ASSESSING THE DALLAS REFORMS
Tomorrow the bishops will meet in Atlanta, ten years after they instituted reforms to combat the sexual abuse of minors. Though there is room for honest disagreement on why the problem has abated—it has almost disappeared—it is indisputable that the Catholic Church has the best record of any institution today regarding this matter, religious or secular. In the last three years, there has been an average of 7 new credible accusations made against over 40,000 priests.
Millions of employees and children have gone through programs to combat this problem. The “zero tolerance” policy that was adopted has won much praise, though in practice it has had a deleterious impact on the rights of the accused. Moreover, spurious accusations abound. For example, one week ago today an allegation was made in Montana against a nun who was said to fondle a boy in 1943, two years before the end of World War II.
Two years ago we investigated which entities in the media, education, and religion had adopted a “zero tolerance” policy for handling cases of sexual abuse: we found few that did, and none that had anything analogous to the Dallas reforms.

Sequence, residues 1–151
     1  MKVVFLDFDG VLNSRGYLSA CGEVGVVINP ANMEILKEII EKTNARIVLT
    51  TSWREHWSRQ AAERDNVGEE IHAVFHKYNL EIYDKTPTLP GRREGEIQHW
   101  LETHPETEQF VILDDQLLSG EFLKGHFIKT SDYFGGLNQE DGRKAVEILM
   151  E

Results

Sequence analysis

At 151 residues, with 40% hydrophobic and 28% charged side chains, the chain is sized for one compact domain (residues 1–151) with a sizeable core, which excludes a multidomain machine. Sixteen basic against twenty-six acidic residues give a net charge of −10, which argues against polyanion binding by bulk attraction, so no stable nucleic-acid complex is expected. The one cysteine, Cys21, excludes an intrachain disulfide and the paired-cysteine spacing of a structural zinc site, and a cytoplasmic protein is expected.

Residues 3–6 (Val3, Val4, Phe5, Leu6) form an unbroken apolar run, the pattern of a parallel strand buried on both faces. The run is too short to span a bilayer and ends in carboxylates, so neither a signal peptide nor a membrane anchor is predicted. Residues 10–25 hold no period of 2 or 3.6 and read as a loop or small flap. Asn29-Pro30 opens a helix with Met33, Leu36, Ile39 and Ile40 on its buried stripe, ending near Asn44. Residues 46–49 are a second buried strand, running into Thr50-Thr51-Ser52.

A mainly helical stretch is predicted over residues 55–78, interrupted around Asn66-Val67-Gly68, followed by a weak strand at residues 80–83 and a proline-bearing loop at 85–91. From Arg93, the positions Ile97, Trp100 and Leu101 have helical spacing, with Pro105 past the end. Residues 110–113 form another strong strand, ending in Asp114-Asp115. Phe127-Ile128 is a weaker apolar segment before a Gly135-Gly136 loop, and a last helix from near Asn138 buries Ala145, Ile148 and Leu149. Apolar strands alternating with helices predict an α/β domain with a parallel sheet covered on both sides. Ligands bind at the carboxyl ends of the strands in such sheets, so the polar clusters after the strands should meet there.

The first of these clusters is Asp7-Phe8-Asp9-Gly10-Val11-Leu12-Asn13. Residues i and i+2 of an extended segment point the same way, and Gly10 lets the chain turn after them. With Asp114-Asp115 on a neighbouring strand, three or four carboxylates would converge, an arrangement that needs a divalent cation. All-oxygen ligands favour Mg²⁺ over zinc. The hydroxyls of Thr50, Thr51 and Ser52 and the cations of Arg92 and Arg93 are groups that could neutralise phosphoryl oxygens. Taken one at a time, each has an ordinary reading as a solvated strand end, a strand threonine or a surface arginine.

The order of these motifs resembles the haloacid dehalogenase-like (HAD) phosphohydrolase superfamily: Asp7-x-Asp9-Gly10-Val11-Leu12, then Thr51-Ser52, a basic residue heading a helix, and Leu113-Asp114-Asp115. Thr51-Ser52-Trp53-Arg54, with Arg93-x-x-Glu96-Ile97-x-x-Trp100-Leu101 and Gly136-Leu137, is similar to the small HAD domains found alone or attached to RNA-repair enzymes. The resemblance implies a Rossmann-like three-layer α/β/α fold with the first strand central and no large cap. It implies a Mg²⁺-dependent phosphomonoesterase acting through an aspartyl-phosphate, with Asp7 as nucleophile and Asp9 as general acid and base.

Today attention has turned to the public schools where sexual abuse is still rampant, as well as to elite private schools such as Horace Mann in the Bronx; the Orthodox Jewish community is currently facing dozens of cases. Still, it is old cases involving priests that garner most of the press: in Philadelphia, Lynne Abraham, the D.A. who started the grand jury hearings over a decade ago, never once investigated other religions, though she was explicitly asked to do so. Her bias is palpable.
In all of these institutions, homosexuals account for a disproportionate share of the abuse, yet it is almost never reported. Even now the media (especially in Philly) tag Jerry Sandusky as a pedophile, though yesterday his first accuser identified the former Penn State coach as a homosexual.